The President shall have power to fill up all vacancies that may
happen during the recess of the Senate, by granting commissions which
shall expire at the end of their next session.

SEC. 3. He shall from time to time give to the Congress information
of the state of the Union, and recommend to their consideration such mea-
sures as he shall judge necessary and expedient ; he may on extraordinary



"92 CONSTITUTION OF THE UNITED STATES

occasions convene both houses, or either of them, and in case of disagree-
ment between them, with respect to the time of adjournment, he may
adjourn them to such time as he shall think proper ; he shall receive
ambassadors and other public ministers ; he shall take care that the laws be
faithfully executed, and shall commission all the officers of the United
States.

SEC. 4. The President, Vice- President, and all civil officers of the
United States, shall be removed from office on impeachment for, and con-
viction of, treason, bribery, or other high crimes and misdemeanors.

-

ARTICLE III.

SECTION I. The judicial power of the United States shall be vested
in one Supreme Court, and such inferior courts as the Congress may from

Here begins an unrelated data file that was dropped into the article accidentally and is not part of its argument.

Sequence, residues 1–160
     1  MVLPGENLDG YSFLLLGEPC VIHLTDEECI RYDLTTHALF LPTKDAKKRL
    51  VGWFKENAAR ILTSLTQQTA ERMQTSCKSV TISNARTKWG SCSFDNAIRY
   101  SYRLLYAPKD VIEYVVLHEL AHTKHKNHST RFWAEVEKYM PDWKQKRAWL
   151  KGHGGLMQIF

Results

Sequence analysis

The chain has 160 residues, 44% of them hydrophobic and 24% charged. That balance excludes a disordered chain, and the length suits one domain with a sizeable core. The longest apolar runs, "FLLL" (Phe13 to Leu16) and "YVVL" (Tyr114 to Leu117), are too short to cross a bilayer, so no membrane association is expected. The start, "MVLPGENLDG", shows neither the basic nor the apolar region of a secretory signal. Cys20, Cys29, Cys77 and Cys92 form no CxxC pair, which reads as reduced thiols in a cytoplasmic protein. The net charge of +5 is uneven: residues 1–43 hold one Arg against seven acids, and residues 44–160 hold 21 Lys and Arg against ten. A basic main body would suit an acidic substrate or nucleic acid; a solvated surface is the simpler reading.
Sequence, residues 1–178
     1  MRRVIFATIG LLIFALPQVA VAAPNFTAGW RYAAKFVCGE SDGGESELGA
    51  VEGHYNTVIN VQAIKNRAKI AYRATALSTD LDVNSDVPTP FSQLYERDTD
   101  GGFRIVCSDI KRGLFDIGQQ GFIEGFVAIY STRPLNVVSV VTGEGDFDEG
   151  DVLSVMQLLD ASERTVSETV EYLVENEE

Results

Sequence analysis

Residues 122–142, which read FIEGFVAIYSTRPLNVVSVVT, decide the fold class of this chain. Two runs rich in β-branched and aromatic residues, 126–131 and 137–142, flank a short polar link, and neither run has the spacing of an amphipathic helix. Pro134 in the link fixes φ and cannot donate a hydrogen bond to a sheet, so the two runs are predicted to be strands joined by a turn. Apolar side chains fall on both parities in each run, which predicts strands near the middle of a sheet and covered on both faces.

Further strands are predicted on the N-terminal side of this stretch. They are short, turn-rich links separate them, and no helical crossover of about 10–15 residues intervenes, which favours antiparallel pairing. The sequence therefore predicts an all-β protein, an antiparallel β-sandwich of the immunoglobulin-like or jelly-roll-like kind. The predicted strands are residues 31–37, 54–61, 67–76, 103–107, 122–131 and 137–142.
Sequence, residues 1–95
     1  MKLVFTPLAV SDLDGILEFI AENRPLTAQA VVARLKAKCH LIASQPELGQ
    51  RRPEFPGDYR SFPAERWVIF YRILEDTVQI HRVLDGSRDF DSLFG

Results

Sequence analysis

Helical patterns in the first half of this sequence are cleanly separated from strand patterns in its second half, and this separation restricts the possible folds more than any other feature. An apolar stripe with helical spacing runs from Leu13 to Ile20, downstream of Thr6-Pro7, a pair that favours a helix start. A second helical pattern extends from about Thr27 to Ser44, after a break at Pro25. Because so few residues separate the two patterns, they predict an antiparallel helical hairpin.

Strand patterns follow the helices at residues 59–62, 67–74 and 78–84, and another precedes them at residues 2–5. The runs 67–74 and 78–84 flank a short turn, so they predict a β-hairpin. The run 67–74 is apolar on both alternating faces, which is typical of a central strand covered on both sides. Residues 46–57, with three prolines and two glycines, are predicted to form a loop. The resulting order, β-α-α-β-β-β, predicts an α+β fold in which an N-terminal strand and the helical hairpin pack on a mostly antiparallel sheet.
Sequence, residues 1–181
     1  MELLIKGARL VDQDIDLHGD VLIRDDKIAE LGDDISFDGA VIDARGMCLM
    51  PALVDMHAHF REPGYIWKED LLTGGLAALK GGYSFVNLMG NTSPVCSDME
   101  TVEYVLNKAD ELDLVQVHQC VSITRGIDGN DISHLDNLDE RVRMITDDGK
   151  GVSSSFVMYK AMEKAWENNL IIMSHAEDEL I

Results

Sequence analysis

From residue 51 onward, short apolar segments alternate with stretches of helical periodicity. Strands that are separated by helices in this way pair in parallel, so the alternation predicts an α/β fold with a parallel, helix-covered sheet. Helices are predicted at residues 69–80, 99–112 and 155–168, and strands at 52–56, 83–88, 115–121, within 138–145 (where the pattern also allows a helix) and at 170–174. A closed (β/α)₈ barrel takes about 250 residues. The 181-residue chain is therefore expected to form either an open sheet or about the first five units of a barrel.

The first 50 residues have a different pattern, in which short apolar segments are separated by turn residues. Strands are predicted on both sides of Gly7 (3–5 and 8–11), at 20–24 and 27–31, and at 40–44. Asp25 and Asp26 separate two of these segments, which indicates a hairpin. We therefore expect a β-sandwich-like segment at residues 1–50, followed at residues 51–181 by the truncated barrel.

time to time ordain and establish. The Judges, both of the Supreme and
inferior courts, shall hold their offices during good behavior, and shall, at
stated times, receive for their services a compensation, which shall not be
diminished during their continuance in office.

SEC. 2. The judicial power shall extend to all cases, in law and
equity, arising under this Constitution, the laws of the United States, and
treaties made, or which shall be made, under their authority ; to all cases
affecting ambassadors, other public ministers, and consuls ; to all cases of
admiralty and maritime jurisdiction ; to controversies to which the United
States shall be a party ; to controversies between two or more states ;
between a state and citizens of another state ; between citizens of differ-
ent states ; between citizens of the same state claiming lands under grants
of different states, and between a state OF the citizens thereof, and foreign
states, citizens, or subjects.

In all cases affecting ambassadors, other public ministers, and consuls,
and those in which a state shall be a party, the Supreme Court shall have
original jurisdiction.

In all the other cases before mentioned, the Supreme Court shall
have appellate jurisdiction, both as to law and fact, with such exceptions
and under such regulations as the Congress shall make.